New York is important as a laboratory to test whether these reforms can work elsewhere, so the stakes are really high.Aubrey Fox Executive Director of the New York City Criminal Justice Agency
Most counties in New York rely on a network of town and village courts to process misdemeanors and preliminary stages of felonies. These courts are informal, sometimes meeting just twice a month and overseen by part-time judges who aren’t required to have law degrees. Because the state doesn’t keep centralized records for these local courts, “what happens in a lot of these places is almost invisible,” explains Alissa Worden, a Senior Research Fellow the John F. Finn Institute for Public Safety, Inc., an Arnold Ventures grantee (in collaboration with DCJ). “These are places that are often very remote, with low population density, no public transportation, and very tight local budgets.”
Erie County in western New York, for instance, has 36 separate local courts, each with its own pretrial release practices.
These town and village courts aren’t unique to New York — around 20 other states have similar judicial systems.
“Local courts doing local business is actually what things look like across much of the country,” said Insha Rahman, Director of Strategy and New Initiatives at Vera Institute. “One of the biggest challenges right now is that if two people are charged with the same crime, the outcome can depend on which court you’re arrested in, which judge you come in front of, which DA happens to be requesting bail. How do we make sure there is truly equal justice?”
CJA, an Arnold Ventures grantee, will be working in these rural areas. CJA is a government-funded nonprofit that handles pretrial services for New York City. The grant will allow the agency to share its expertise with other jurisdictions around the state.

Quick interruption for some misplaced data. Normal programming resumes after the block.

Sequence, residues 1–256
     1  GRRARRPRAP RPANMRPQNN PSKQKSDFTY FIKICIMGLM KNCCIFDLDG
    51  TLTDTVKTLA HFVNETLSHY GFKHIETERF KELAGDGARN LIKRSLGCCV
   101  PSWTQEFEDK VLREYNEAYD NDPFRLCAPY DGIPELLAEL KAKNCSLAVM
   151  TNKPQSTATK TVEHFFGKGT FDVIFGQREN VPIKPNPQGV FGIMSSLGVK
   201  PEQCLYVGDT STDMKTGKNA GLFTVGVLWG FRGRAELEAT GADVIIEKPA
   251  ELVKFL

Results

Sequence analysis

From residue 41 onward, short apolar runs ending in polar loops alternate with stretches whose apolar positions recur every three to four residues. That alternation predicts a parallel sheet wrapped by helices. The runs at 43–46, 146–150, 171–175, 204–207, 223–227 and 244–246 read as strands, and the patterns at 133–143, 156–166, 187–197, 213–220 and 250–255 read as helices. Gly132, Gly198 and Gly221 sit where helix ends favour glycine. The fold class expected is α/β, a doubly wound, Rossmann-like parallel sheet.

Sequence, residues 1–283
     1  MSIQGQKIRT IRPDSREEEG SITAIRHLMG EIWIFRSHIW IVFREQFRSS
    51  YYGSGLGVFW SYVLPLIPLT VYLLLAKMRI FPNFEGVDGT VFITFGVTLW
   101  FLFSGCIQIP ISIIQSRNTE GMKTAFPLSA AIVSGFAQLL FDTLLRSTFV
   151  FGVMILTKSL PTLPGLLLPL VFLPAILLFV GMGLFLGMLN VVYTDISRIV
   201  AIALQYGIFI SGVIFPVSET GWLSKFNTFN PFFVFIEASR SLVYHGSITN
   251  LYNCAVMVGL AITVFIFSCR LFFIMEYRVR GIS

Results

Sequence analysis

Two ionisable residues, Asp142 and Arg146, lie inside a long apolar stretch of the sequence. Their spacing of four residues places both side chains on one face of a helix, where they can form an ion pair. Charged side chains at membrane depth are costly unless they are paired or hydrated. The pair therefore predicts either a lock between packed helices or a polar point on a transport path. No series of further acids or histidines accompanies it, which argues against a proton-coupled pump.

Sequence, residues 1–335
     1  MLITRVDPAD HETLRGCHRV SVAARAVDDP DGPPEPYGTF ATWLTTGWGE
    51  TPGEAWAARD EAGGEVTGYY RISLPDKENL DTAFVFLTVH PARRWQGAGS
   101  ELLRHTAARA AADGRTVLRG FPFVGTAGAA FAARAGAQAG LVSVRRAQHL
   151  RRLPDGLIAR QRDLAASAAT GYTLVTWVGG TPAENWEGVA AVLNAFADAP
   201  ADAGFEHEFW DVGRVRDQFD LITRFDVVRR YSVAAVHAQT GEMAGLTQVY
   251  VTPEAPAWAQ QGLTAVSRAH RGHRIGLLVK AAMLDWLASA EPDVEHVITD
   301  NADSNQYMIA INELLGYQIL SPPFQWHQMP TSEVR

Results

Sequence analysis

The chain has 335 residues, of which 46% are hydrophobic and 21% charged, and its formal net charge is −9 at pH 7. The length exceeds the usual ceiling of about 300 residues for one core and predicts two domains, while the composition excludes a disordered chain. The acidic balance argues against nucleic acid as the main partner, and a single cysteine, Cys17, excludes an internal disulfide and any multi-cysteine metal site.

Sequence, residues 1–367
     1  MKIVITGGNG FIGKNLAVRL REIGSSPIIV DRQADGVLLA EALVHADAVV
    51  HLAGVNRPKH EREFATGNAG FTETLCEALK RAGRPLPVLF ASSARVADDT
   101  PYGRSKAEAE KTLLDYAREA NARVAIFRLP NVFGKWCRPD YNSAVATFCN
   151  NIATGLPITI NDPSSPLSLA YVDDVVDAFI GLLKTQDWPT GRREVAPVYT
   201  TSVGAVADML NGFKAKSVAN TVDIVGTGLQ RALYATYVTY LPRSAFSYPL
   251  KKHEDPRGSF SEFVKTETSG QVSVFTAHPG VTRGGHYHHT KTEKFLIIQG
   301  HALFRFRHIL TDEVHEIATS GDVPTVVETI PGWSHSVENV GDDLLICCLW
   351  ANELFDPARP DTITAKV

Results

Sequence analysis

“Pretrial service agencies will have a lot of new responsibilities under the new law, and they’re not particularly strong in many counties,” said CJA’s Fox.
For example, the law requires that defendants be reminded of their court date by text message, phone call, or first-class mail — a service that CJA has provided for years in New York City but that most of the state’s other courts aren’t equipped for.
Arnold Ventures grantees will also be looking at how key metrics — the number of desk appearance tickets issued, pretrial release rates, court appearance rates, crime rates — change under the new law. Critics of the law have predicted that letting more defendants out without cash bail will increase non-appearance and new-offense rates despite the fact this didn’t happen in states that have already implemented bail reform. Other policymakers contemplating their own reforms are looking to New York to see if the trend remains consistent. Researchers will also look at regional variations in those statistics to determine whether certain jurisdictions are having more success implementing the reforms than others, and why.